Amoxicillin is the most commonly prescribed antibiotic in the UK, with over 6 mln prescriptions issued in the last 12 months. Flucloxacillin is less popular with around 3.6 mln prescriptions issued during the same time (OpenPrescribing.net, 2021). Both antibiotics’ distinct popularity comes mainly from different recommended use in the treatment of bacterial infections, even though both drugs belong to the same class of antibiotics: penicillins. This post focuses on highlighting the main differences between drugs. Flucloxacillin vs amoxicillin, a summary of the post:
- The legal classification of flucloxacillin and amoxicillin
- Licensed use of flucloxacillin and amoxicillin
- Forms available
- Child formulations for flucloxacillin and amoxicillin
- Differences in administration
- Common side effects
- Seasonality in prescribing
Flucloxacillin vs amoxicillin: legal classification
Both drugs are classified as prescription-only medicines (POM) and with this amoxicillin and flucloxacillin need to be prescribed by a qualified doctor, dentist or another qualified prescriber. Dentists, however, cannot prescribe flucloxacillin on NHS prescription. Flucloxacillin is not listed as medicines allowed on FP10D type of NHS prescription.
Licensed use of flucloxacillin and amoxicillin
In the UK, flucloxacillin is a preferable antibiotic in the treatment of skin infections and is usually reserved for this use. Flucloxacillin is almost ‘exclusively’ used to treat skin and soft tissue infections (Francis et al., 2016).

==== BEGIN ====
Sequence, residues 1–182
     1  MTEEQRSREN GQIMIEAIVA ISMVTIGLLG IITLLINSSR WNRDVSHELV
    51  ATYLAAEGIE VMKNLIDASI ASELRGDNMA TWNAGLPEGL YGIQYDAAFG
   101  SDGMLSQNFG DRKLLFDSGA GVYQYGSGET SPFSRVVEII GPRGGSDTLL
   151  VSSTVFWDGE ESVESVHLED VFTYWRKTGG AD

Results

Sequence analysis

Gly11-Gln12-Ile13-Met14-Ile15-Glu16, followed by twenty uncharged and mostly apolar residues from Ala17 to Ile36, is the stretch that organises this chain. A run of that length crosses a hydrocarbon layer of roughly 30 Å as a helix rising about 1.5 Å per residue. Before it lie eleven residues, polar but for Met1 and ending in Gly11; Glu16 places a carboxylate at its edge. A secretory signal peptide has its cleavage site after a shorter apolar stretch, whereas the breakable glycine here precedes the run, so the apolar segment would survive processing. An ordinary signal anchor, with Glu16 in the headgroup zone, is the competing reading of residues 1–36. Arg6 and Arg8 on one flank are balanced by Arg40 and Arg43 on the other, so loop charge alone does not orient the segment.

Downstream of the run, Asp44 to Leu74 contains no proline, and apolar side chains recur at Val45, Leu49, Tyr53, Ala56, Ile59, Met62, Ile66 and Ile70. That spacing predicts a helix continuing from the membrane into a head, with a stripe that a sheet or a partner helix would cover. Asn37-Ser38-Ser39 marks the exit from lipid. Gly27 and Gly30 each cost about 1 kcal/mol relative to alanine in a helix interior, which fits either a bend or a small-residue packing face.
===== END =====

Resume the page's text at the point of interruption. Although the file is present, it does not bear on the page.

The difference in the licensed use between flucloxacillin and amoxicillin is the main driving factor for significant variation in prescribing of both drugs.
|Otitis media||Skin and soft tissue infections including: boils, cellulitis, infected burns abscesses.|
|Streptococcal tonsillitis and pharyngitis||Skin infections in acne, ulcers, eczema|
|Chronic bronchitis: Acute exacerbations||Protection for skin grafts|
|Community acquired pneumonia||Carbuncles|
|Asymptomatic bacteriuria in pregnancy||Infected wounds|
|Acute pyelonephritis||Otitis media and externa|
|Typhoid and paratyphoid fever||Pneumonia|
|Dental infections||Lung abscess|
|Prosthetic joint infections||Empyema|
|Helicobacter pylori eradication||Sinusitis|
|Lyme disease||Pharyngitis, tonsillitis and quinsy|
|Prophylaxis of endocarditis||Osteomyelitis, urinary tract infection, enteritis, meningitis, endocarditis and septicaemia|
Why is flucloxacillin recommended antibiotic for skin infections?
Flucloxacillin is classified as narrow-spectrum antibiotics, which means it is effective against infections caused by a limited number of bacteria, particularly Staphylococcus aureus, which commonly cause bacterial skin infections.
Broad-spectrum antibiotics, such as amoxicillin may offer treatment against a wider group of bacteria. The main disadvantage of broad-spectrum antibiotics is the potential to contribute to bacterial resistance across different bacteria types (Melander et al., 2017).
Flucloxacillin vs amoxicillin: different formulations
In the community, flucloxacillin and amoxicillin are usually prescribed in the form of capsules (adults) or as a powder for oral suspensions, when used to treat infections in children. The table below list all formulations available for both drugs:
|Powder for oral suspensions||Powder for oral suspensions|
|Powder for injections||Powder for injections|
|Sachets and dispersible tablets|
Child formulations for flucloxacillin and amoxicillin
Both flucloxacillin and amoxicillin are available as powders for oral suspensions, which are usually prescribed to treat infections in children. When a prescription is brought into the pharmacy for one of the antibiotics, a certain amount of water is added during the dispensing process. Mixing of antibiotics powder is done by a pharmacy team unless instructed otherwise.